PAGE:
15. “Since I Fell For You” - Laura Lee
  16. “Dancing In The Street” - the Original Vandellas
  17. “Baby I’m For Real” - Duane Parham featuring Pat Lewis

Laura Lee, (left), takes the Lenny Welch serenade “Since I Fell For You,” plugs in an intro rap, and sings her heart out.

There are original members still with us from many of these groups.

The Motor City Hits Records website has some interesting links about these personalities in their artist(s) information section.

Listen to 60 seconds of: the Four Tops, Freda Payne, and Laura Lee from Motorcity Hits...Real Music Is Back.

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Posted by King on 02/16 at 09:00 PM
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Thursday, February 04, 2010

Black History Month Classic Soul Anthems

The White House is getting ready to host a civil rights music review on February 10, 2010.

President and Mrs. Obama have invited Natalie Cole, Bob Dylan, Jennifer Hudson, John Legend, John Mellencamp, Smokey Robinson, Seal, the Blind Boys of Alabama, and the Howard University Choir to perform music from the movement.

A PBS television broadcast on February 11th, as well as a one hour NPR radio special on selected stations during Black History Month will feature the concert.

One of the best classic soul compilations of civil rights era music is Black Power: Music of A Revolution.

This 2 CD set was released on the Shout label in 2004.

It has one of the best collections I’ve seen of both message music and liberation prose from the golden age of R&B.

Here are the tracks on Disc 1 & 2:

  1. “The Black Panther Party” - Huey Newton
  2. “You’re The Man pts. 1 & 2” - Marvin Gaye
  3. “Let’s Clean Up The Ghetto” - Philadelphia Int’l All Stars
  4. “Change It” - Kathleen Cleaver
  5. “Song To The System” - Segments of Time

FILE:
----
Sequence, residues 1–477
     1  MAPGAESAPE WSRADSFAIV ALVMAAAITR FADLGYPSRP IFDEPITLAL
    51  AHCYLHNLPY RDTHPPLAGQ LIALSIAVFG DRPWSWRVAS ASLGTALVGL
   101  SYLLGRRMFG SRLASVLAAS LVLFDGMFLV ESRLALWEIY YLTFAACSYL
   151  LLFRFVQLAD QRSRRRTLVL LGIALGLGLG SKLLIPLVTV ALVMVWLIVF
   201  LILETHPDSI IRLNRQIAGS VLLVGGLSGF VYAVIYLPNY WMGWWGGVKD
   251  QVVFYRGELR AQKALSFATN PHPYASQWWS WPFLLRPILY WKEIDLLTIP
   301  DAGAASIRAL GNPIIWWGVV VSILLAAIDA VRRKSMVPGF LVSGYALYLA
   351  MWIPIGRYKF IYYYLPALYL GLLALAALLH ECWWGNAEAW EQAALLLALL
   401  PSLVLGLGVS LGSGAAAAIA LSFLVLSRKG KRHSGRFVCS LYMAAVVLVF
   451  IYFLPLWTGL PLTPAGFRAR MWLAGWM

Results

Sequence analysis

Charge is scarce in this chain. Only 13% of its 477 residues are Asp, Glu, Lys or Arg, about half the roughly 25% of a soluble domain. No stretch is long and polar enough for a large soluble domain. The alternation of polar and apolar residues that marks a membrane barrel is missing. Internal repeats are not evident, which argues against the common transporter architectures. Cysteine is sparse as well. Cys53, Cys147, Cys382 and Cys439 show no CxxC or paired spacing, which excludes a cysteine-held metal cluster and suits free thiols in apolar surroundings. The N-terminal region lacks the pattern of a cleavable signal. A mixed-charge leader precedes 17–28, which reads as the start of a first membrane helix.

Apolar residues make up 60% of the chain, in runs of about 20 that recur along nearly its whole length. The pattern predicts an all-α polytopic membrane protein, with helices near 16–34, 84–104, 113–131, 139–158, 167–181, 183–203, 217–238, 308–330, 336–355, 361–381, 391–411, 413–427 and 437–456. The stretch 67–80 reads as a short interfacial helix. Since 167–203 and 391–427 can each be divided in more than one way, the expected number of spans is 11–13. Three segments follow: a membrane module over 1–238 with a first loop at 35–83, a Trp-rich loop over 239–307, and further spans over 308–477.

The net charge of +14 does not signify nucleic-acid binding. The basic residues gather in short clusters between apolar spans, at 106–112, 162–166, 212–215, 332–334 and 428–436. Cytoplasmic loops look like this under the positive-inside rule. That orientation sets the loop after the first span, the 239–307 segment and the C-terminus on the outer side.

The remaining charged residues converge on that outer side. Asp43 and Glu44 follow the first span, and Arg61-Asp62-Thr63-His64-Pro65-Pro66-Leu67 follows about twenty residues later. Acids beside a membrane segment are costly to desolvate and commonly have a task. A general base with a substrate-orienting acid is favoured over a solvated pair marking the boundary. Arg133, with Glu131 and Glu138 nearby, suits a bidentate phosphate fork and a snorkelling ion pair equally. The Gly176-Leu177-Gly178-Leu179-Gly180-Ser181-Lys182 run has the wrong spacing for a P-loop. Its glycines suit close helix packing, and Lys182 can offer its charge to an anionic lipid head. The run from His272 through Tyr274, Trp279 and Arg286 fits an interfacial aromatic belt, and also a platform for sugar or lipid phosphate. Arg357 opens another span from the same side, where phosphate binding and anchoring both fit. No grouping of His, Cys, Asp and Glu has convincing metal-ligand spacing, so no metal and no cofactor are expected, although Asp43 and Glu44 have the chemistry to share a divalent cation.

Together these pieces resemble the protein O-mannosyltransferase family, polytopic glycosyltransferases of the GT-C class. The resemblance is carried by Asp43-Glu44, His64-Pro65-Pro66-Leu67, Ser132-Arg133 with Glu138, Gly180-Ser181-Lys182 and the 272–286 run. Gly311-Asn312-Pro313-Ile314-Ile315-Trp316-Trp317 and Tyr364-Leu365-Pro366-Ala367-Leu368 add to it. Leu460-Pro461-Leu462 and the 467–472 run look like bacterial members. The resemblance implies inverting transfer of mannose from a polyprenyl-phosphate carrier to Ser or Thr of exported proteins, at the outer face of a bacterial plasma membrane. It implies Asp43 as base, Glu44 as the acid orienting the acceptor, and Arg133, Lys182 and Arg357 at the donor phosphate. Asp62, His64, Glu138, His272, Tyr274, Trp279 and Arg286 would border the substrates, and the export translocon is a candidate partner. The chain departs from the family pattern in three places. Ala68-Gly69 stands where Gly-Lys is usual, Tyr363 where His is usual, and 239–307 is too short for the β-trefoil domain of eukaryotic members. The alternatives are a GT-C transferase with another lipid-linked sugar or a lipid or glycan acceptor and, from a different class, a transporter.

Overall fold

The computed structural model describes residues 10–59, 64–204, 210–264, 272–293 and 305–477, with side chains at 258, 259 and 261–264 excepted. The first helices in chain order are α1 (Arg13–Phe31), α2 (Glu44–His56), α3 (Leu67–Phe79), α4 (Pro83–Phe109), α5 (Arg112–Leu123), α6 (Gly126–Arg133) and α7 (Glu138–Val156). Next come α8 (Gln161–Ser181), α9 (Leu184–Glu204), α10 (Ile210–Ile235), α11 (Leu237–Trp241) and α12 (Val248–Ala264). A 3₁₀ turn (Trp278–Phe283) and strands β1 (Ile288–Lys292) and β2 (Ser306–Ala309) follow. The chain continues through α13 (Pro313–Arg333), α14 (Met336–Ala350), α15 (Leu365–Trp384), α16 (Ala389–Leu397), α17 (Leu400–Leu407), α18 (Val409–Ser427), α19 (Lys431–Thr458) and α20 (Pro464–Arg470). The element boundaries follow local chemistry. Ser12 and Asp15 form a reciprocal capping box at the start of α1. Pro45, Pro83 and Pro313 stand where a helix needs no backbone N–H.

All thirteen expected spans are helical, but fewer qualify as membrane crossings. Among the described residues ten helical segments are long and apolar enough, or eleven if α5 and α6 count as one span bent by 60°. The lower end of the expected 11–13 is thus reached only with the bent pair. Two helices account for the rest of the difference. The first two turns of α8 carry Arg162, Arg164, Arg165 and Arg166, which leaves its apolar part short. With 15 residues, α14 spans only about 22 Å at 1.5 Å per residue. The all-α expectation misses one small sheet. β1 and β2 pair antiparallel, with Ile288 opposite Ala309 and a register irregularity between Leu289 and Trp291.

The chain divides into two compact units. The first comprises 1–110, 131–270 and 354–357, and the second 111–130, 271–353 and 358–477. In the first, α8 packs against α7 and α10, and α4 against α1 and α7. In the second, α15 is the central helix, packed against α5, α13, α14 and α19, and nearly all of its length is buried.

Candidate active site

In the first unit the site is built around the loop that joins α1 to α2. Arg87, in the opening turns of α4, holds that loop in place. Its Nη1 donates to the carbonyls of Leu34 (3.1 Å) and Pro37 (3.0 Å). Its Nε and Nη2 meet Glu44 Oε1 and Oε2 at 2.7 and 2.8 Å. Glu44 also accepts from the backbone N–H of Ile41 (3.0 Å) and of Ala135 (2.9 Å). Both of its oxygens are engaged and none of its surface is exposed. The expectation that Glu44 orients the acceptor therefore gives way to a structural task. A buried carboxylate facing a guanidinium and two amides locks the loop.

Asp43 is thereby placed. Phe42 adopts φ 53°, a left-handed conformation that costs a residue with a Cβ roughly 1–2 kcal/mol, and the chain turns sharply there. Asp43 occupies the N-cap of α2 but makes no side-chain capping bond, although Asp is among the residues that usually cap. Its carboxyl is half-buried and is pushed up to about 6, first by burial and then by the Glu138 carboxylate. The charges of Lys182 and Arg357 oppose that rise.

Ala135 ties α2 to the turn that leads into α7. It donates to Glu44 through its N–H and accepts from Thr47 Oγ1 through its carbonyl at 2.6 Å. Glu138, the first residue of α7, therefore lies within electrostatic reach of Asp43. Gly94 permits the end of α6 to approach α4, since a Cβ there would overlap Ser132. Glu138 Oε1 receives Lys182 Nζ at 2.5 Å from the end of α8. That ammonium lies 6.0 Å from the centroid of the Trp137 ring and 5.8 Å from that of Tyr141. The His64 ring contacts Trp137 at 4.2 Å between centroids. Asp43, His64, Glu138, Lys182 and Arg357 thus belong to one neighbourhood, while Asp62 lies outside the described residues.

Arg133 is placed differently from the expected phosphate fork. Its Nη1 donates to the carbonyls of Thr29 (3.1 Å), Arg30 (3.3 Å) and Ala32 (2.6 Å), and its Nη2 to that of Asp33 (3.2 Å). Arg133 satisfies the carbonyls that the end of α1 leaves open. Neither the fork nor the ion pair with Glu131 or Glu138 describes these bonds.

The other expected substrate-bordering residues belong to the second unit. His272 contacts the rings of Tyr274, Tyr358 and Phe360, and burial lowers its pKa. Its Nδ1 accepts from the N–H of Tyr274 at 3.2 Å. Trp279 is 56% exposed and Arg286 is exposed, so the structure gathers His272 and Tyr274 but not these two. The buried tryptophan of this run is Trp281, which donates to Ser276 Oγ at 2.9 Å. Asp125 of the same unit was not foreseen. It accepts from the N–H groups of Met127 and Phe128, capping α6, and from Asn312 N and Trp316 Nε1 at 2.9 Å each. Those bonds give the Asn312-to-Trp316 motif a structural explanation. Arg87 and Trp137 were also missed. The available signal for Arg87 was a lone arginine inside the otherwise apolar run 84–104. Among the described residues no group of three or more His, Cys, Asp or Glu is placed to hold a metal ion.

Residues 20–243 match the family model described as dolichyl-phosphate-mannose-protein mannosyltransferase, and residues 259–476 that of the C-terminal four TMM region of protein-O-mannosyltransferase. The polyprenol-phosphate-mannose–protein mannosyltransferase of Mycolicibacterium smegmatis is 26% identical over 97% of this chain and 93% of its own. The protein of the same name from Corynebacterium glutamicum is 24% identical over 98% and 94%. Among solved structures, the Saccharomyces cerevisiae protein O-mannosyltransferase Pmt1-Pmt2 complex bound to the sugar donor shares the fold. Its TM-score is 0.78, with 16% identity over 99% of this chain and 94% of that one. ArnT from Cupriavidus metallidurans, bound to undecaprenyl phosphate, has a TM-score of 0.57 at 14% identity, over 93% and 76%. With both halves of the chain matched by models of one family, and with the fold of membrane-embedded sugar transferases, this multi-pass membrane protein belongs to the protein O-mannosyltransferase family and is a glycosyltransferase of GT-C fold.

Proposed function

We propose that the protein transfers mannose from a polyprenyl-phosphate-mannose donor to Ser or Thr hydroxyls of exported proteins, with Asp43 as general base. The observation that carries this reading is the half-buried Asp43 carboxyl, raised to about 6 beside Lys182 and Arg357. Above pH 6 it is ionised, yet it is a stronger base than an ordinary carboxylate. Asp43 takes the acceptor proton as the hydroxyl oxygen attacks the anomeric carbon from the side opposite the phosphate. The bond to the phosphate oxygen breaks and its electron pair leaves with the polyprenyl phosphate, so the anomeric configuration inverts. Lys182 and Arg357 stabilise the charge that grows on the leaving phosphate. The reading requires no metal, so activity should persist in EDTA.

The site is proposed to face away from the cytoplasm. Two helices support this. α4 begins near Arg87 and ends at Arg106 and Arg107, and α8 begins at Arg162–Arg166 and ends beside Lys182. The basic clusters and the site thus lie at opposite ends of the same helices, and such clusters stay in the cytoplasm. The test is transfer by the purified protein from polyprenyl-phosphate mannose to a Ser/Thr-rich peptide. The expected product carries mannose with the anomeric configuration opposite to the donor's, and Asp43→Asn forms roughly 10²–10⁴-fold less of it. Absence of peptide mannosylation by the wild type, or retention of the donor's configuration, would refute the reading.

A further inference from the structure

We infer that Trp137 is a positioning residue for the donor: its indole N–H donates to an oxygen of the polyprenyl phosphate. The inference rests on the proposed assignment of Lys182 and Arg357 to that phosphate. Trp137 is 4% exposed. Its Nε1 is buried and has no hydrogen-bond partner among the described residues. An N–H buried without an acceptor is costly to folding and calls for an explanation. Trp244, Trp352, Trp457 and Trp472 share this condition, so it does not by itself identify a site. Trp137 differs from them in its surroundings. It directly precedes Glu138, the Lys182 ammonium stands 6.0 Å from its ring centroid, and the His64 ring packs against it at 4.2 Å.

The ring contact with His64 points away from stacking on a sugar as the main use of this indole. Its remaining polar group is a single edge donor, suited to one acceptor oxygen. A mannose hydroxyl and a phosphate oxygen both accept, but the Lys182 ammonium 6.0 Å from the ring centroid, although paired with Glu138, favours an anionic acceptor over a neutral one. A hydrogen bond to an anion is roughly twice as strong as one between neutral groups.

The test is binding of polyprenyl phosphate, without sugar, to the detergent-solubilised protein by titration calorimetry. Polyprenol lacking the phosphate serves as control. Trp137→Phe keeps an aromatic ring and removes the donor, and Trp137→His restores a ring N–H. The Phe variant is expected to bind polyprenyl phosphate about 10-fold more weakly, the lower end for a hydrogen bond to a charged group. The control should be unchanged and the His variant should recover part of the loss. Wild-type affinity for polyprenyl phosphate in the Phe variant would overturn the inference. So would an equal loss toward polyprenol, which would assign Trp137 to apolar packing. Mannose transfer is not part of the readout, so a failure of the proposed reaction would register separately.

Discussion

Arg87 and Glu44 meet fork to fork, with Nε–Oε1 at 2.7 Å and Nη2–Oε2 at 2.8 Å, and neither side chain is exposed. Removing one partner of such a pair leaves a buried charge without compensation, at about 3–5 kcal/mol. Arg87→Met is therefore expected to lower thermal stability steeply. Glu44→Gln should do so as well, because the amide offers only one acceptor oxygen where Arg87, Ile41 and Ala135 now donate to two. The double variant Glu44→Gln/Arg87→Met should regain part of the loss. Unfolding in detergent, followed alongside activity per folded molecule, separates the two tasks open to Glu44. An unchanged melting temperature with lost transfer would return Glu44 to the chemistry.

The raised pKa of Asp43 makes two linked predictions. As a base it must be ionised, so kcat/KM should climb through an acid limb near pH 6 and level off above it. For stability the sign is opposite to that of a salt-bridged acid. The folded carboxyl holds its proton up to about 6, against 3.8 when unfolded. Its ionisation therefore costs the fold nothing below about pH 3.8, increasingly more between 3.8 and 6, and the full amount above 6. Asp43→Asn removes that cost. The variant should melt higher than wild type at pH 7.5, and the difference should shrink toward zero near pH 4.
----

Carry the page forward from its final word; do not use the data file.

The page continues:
6. “Right On” - Sons of Slum
  7. “Tell It Like It Is” - S.O.U.L.
  8. “Mighty Mighty” - Earth Wind & Fire
  9. “Compared To What” - Les McCann & Eddie Harris
  10. “I Don’t Know What This World Is Coming To” - Soul Children
  11. “Power to the People” - Huey Newton
  12. “Give More Power To The People” - Chi-Lites
  13. “Give The People What They Want” - O’Jays
  14. “We Want Black Power” - Stokely Carmichael
  15. “Say It Loud - I’m Black and I’m Proud” - James Brown
  16. “Blackenized” - Hank Ballard
  17. “So Much Strength” - Stokely Carmichael
  18. “Fight The Power (pt. 1)” - Isley Brothers
  19. “Stop Singing and Start Swinging” - Malcolm X

  1. “Standing & Fighting” - Malcolm X
  2. “Message From a Black Man” - Temptations
  3. “Part - E, S’ - Watts Prophets
  4. “Violence is as American as Cherry Pie” - H. Rap Brown
  5. “The Revolution Will Not Be Televised” - Gil Scott-Heron
  6. “When The Revolution Comes” - The Last Poets
  7. “Am I Black Enough For You?” - Billy Paul
  8. “Black Unity” - Stokely Carmichael
  9. “My People...Hold On” - Eddie Kendricks
  10. “Be Thankful For What You Got” - William DeVaughn
  11. “Chocolate City” - Parliament
  12. “We’re a Winner (live)” - Curtis Mayfield
  13. “We Got More Soul” - Dyke & The Blazers
  14. “I Am Somebody (part 2)” - Johnnie Taylor
  15. “Express Yourself” - Watts 103rd St. Rhythm Band
  16. “Respect Yourself” - Staple Singers
  17. “To Be Young, Gifted and Black” - Nina Simone
  18. “Lift Ev’ry Voice and Sing” - Kim Weston
  19. “Ain’t’ No Stoppin’ Us Now” - McFadden & Whitehead

The number of female artists represented is light, but still, this is a powerful music and spoken word reflection of the civil rights social movement.

Listen to 15 seconds of activist H. Rap Brown’s “Violence is as American as Cherry Pie.” Facebook fans, you’ll have to scroll down and click the link “View original post."

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Posted by King on 02/04 at 07:30 PM
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Thursday, January 28, 2010

A Classic Soul Memory from the Lost Generation

Chicago’s The Lost Generation recorded 2 albums for Brunswick Records before leaving the label in 1973.

Jesse Dean, Larry Brownlee, and brothers Lowrell and Fred Simon were The Lost Generation.

Their one major hit, “The Sly, Slick & The Wicked,” was Record World Magazine’s Song of the Year (a co-honor shared with “ABC” by the Jackson 5 in 1970).

"Beware young girls of the sly, the slick, and the wicked.” That’s the love song message these guys put over in this significant hit.

The music track is similar to the sound of their fellow label mates, The Chi-Lites.

Writer Kevin L. Goins says that The Lost Generation recorded this song at the tail end of a Jackie Wilson recording studio session.

Listen to 30 seconds of this noteworthy classic soul blast from the past, “The Sly, Slick & The Wicked” by The Lost Generation.

You can find the track on the deluxe 2 CD collection Brunswick Top 40 R&B Singles 1966 - 1975.

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Posted by King on 01/28 at 07:30 PM